“You feel unsafe taking care of the patients,” Curry said, still dressed in her blue work scrubs and speaking through a paper surgical mask. “We ask and we ask, and it feels as if no one cares.”
The group of placard-toting demonstrators along Decatur’s Clairmont Road was just one sign of growing discontent among Georgia’s nurses. They already work for low pay compared to counterparts elsewhere in the nation, and in the past month and a half, nurses and other healthcare workers have been ordered by health system administrators to take pay cuts, conserve protective gear and keep quiet about their predicaments.
But as infections surge in the next few weeks, nurses will be sorely needed. As many as 3,000 coronavirus patients could be hospitalized on the peak day, May 1.
Meanwhile, national staffing agencies have been luring nurses to the epicenter of the U.S. pandemic in New York and New Jersey, offering pay rates of as much as $10,000 per week, with perks including free airfare, free hotel rooms and free Starbucks coffee. So efforts are now underway to keep nurses in Georgia and keep them happy.
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On Thursday the Georgia Nurses Association asked Gov. Brian Kemp to take steps to prevent the state from losing nurses and other critical medical workers ahead of the surge. President Richard Lamphier asked the governor to team up with the association to offer $250 in non-taxable hazard pay every two weeks to front line nurses, EMTs, paramedics and hospital and nursing home support staff.
“While many Georgia citizens do their best to express their deepest appreciation through nightly rounds of applause that echo through Midtown Atlanta and display make-shift ‘Thank You’ signs across rural Georgia, more can be done,” Lamphier’s letter to Kemp said.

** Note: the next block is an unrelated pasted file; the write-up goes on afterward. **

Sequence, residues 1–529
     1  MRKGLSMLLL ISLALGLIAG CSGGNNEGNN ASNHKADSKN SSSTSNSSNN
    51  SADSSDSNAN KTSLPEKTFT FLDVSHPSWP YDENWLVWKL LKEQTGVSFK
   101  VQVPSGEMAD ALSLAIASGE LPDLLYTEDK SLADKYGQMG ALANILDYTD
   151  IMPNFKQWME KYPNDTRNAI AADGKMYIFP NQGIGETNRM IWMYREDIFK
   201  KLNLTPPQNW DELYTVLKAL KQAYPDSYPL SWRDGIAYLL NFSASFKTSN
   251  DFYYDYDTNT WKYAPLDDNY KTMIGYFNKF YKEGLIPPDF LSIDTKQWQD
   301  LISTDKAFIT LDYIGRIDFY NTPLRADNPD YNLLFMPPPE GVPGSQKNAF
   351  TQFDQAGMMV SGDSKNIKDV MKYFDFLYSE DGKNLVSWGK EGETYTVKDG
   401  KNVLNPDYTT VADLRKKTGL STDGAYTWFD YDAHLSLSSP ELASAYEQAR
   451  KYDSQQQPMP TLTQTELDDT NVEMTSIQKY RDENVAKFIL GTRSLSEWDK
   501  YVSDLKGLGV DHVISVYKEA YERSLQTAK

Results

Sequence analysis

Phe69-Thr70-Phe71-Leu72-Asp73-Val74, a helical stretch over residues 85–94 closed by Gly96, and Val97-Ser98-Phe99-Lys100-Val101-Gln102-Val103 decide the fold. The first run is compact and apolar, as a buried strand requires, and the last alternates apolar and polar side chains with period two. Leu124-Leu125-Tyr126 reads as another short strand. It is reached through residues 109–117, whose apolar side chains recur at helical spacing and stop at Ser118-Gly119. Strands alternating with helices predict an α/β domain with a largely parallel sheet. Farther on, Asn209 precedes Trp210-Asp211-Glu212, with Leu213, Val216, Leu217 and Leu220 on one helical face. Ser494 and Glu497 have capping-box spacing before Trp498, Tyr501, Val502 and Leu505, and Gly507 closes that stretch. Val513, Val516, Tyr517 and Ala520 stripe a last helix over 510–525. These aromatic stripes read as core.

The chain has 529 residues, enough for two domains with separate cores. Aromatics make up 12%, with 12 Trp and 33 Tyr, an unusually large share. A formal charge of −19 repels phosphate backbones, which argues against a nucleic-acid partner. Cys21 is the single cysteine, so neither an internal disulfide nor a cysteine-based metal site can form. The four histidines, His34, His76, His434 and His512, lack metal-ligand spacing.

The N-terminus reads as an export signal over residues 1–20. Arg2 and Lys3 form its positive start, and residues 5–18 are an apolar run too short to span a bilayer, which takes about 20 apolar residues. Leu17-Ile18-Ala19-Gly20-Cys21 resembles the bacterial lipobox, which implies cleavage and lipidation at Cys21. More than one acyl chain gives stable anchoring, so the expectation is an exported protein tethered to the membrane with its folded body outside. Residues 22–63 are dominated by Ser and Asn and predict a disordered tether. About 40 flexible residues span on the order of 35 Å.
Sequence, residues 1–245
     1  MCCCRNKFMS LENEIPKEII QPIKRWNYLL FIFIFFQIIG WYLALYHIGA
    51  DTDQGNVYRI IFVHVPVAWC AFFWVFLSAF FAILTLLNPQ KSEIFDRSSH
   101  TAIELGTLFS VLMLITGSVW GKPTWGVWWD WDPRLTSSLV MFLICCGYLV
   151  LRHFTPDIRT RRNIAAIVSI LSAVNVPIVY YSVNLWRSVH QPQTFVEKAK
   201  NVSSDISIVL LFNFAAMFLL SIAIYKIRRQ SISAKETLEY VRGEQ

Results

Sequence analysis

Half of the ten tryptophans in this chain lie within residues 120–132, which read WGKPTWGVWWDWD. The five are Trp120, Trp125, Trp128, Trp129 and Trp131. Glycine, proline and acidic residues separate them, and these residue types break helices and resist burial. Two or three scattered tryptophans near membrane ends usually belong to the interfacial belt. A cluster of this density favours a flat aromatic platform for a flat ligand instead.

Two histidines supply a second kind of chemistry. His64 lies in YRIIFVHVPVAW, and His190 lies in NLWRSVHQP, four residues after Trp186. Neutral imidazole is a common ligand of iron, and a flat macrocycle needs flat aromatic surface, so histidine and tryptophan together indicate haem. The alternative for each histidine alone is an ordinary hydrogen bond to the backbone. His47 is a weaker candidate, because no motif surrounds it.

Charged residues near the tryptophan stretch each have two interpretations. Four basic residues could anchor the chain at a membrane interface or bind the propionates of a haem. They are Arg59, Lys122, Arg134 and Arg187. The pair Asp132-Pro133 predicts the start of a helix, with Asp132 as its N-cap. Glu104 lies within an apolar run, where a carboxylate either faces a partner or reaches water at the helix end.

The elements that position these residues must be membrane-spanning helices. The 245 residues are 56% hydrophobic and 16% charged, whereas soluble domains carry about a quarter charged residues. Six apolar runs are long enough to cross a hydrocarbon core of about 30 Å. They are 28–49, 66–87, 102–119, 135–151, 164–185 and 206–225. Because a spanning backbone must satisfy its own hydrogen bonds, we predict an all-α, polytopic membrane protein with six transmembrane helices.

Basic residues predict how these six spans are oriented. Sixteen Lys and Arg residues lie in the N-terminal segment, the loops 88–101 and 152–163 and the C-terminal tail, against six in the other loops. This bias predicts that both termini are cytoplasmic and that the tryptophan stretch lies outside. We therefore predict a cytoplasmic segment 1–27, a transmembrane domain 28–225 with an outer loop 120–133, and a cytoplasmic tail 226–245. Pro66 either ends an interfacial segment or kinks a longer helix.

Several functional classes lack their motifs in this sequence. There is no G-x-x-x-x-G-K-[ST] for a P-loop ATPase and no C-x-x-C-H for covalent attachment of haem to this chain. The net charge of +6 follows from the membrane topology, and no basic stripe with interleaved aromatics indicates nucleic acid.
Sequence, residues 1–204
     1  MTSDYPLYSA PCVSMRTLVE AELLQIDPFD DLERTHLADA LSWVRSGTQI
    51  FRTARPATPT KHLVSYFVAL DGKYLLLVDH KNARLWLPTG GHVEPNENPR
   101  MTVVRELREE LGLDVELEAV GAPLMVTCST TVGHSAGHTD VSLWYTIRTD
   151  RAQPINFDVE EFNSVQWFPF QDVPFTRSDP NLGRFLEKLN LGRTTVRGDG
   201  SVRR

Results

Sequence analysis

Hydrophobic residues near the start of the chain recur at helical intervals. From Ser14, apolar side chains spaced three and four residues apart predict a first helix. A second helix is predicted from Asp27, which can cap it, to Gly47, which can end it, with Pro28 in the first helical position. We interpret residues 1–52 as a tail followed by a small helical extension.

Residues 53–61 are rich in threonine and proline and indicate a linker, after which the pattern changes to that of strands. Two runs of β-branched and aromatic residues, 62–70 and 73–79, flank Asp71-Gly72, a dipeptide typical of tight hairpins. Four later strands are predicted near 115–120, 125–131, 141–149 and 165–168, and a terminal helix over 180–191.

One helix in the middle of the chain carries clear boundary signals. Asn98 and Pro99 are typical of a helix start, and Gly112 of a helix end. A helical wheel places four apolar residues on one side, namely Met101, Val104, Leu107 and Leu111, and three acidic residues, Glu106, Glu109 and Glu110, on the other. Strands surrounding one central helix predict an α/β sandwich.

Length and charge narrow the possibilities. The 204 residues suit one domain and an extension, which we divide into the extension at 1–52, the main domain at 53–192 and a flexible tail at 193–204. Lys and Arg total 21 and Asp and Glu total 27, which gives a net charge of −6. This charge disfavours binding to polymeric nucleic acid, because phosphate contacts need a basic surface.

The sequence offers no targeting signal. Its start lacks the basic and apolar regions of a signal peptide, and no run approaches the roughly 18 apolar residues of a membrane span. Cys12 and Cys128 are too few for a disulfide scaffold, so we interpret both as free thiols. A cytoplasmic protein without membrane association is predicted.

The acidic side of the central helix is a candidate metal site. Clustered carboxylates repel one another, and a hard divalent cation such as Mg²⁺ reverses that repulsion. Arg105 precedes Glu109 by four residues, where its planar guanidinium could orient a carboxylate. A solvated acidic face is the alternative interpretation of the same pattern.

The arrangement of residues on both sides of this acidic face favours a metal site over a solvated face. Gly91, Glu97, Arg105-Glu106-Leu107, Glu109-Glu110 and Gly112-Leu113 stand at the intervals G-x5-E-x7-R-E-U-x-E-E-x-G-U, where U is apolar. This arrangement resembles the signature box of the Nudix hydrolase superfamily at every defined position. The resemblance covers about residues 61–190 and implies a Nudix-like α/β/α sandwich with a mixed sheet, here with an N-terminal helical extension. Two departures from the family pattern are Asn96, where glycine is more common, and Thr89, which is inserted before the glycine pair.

Lamphier estimated the program, which would be retroactive to March 1 and last through June, would cost about $15 million and would pay thousands of front line workers. A spokeswoman for Kemp said the proposal is under review.
One nurse who has been working among sick and dying coronavirus patients said she has been using the same N95 mask for two weeks. Curry, the intensive care unit nurse, said the VA lacks small-sized N95s that fit most women’s faces. One nurse held up a sign to passing cars that said, “Say no to 1 mask/week.”
A statement from the Atlanta VA on Friday said the facility has enough essential supplies to last 30 days or more and, in accordance with CDC guidelines, is doling out personal protective equipment to staff based on their responsibilities and potential for exposure.
“We were told, if you’re not facing a COVID-19 patient or veteran, we get one mask per week,” registered nurse Dene Bellamy said Friday. “The thing is, we don’t know who’s infected coming through that door. They’re checking people’s temperature, but you can be asymptomatic and still be infected.”
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